“We must go beyond textbooks, go out into the bypaths and untrodden depths of the wilderness and travel and explore and tell the world the glories of our journey.”
- John Hope Franklin

Friday, September 23, 2011

Les Journées du Patrimoine

A gargoyle sits perched atop Notre-Dame de Paris, surveying the square below
So it's been a few days since my last post, but I've been busy getting ready for school to start & trying my best not to get sick like everyone else here that I know. Only my classes through Sweet Briar (the school I'm here studying abroad with) have started already, and the ones through Université de Paris III don't start until the week of October 3. I had the History of Paris through its Monuments today, which is half classroom lecture, half visit to monuments, so it's a nice way to break up a 3 hour long class. The professor is really nice and it looks like we'll be learning a lot and seeing many sites off the beaten path through the course of the semester - we had the second part of our class at Notre-Dame today, not a bad way to start off!

But enough talk about school. As I had mentioned earlier, this past weekend included Journées du Patrimoine ("Heritage Days") here in Paris where all sorts of cultural attractions are free. My Sunday was full of sight-seeing, with stops at Notre-Dame de Paris, l'Arc de Triomphe, and l’Opéra Garnier. Although it was a bit windy, the sky was nice and sunny and made for yet another very pleasant day of exploring.

Basilica of Sacre-Coeur as seen from the top of Notre-Dame
I started my morning off with a quick stroll down Ile St-Louis, the island in the middle of the Seine right next to Ile de la Cité, where Notre-Dame stands. My host family knew I was headed to Notre-Dame that morning and told me that Ile St-Louis is a great, peaceful place free of tourists to see on a Sunday morning. And they were right. While there isn't any famous attraction on this small island, it was just nice to be able to walk around in the early morning sunshine, and I happened upon a locally-famous ice cream shop, Chez Berthillon, which I'll be sure to return to when it's a socially-acceptable time to have ice cream, as 10am on a Sunday morning just wasn't cutting it for me.

"Emmanuel," the bell in Notre-Dame's southern tower
I then met up with my friend Kasey over at Notre-Dame and we waited in line forever to get to climb up to the top of Notre-Dame's bell towers. 46 meters (151 feet) off the ground, we reached "La Galerie des Chimères" where you can walk around and check out the cathedral's gargoyles face-to-face, as well as see some awesome views of the city below. Up here, we had access to the souther tower which shelters the church's giant 17th century bell, "Emmanuel." Weighing over 13 tons, it takes 16 people to ring - proving that there's no way Quasimodo lived up here and rang it by himself every day.... While this bell no longer rings, as it would completely deafen the tourists circulating around it, four other bells in the northern tower ring throughout the day, and we found out how loud they really were while walking around right next to them when they began to chime! 
Pretending I'm Quasimodo
After a few more stairs, we were finally on top of the bell tower and had an awesome vantage point of the entire city...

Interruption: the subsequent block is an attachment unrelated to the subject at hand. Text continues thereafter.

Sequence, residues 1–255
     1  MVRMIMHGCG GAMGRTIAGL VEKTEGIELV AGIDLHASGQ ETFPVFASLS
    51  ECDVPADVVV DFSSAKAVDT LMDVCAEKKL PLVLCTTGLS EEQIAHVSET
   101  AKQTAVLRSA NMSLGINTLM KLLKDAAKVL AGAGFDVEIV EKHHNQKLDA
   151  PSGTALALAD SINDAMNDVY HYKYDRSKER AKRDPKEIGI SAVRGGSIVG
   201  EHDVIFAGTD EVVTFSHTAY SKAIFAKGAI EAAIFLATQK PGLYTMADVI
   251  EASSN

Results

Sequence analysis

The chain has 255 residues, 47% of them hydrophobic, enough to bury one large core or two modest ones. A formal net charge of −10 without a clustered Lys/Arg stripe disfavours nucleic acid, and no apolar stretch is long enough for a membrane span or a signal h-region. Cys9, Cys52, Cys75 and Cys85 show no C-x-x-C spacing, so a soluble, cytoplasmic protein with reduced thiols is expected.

Looking out across the city
As if all those stairs at Notre-Dame weren't enough, we then met up with more friends and headed over to l'Arc de Triomphe to climb up to the top of it as well - guess we were on a roll with stairs that day! Built by Napoleon from 1806 to 1836 to celebrate his victory at Austerlitz, the monument sits in the middle of Place Charles de Gaulle, from which 12 broad avenues radiate.

Wide avenues radiate out from Place Charles de Gaulle
Inside the attic level, there is a memorial to all of France's unknown soldiers (as the tomb of the Unknown Soldier lies below the arch) as well as exhibits about the l'Arc de Triomphe's construction, complete with models of Francois Rude's sculptures which adorn the exterior.

Plaster cast of "La Marseillaise" statue
Of course, the main motivation for anyone to climb all the way up there is for the view...

La Tour Eiffel always dominates the Parisian skyline
Roomie photo! My housemate Eric & I atop L'Arc de Triomphe
View of La Defense & the Champs-Elysées
From the top, you can see how the Champs-Elysees stretches all the way down to La Défense, the more modern business sector of Paris. Right at the end of the street you can see yet another arch, l'Arc de la Défense, but since I haven't actually ventured down there yet, I'll have to report my findings another day.

L’Opéra Garnier
And our last stop of the weekend was l’Opéra Garnier, Paris' most famous opera house. We were hoping to go for a tour inside, but arrived right after it had closed for the day. Guess I'll have to save that adventure for later!

Overall, I really enjoyed the Journées du Patrimoine and the whole idea behind them. Cultural heritage is something important that everyone should be aware of, and what better way to bolster this knowledge than  by hosting days where it won't cost you a cent to check out what's in your own backyard!


  1. Hi Rach,
    You realize that you are a walking history book of Paris! All that $$ at PC is really paying off. Keep the pictures and the lessons coming and we are looking forward to seeing you in 4 short weeks.
    Love you tons :)

  2. Great pics Rach! You look so happy, Paris suits you.

  3. Boy...all we did was go to camp this weekend!
    Love ya kid!